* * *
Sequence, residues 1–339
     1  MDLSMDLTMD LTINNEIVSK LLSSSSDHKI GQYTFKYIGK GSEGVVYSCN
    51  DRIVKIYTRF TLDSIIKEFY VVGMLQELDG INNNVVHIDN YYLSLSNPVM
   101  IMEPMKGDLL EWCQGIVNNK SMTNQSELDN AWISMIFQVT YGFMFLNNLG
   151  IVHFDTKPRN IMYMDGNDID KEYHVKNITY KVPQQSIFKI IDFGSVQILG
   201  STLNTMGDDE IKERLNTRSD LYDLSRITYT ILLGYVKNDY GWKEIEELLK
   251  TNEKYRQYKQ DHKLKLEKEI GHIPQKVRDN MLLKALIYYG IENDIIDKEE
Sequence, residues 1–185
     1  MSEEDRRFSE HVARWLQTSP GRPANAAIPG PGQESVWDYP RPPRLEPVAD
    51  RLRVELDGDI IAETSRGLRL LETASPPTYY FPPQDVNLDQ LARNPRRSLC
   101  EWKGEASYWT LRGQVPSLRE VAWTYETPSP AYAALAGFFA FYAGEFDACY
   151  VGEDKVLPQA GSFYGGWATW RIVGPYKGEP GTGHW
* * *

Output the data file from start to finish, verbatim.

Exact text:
Sequence, residues 1–339
     1  MDLSMDLTMD LTINNEIVSK LLSSSSDHKI GQYTFKYIGK GSEGVVYSCN
    51  DRIVKIYTRF TLDSIIKEFY VVGMLQELDG INNNVVHIDN YYLSLSNPVM
   101  IMEPMKGDLL EWCQGIVNNK SMTNQSELDN AWISMIFQVT YGFMFLNNLG
   151  IVHFDTKPRN IMYMDGNDID KEYHVKNITY KVPQQSIFKI IDFGSVQILG
   201  STLNTMGDDE IKERLNTRSD LYDLSRITYT ILLGYVKNDY GWKEIEELLK
   251  TNEKYRQYKQ DHKLKLEKEI GHIPQKVRDN MLLKALIYYG IENDIIDKEE
Sequence, residues 1–185
     1  MSEEDRRFSE HVARWLQTSP GRPANAAIPG PGQESVWDYP RPPRLEPVAD
    51  RLRVELDGDI IAETSRGLRL LETASPPTYY FPPQDVNLDQ LARNPRRSLC
   101  EWKGEASYWT LRGQVPSLRE VAWTYETPSP AYAALAGFFA FYAGEFDACY
   151  VGEDKVLPQA GSFYGGWATW RIVGPYKGEP GTGHW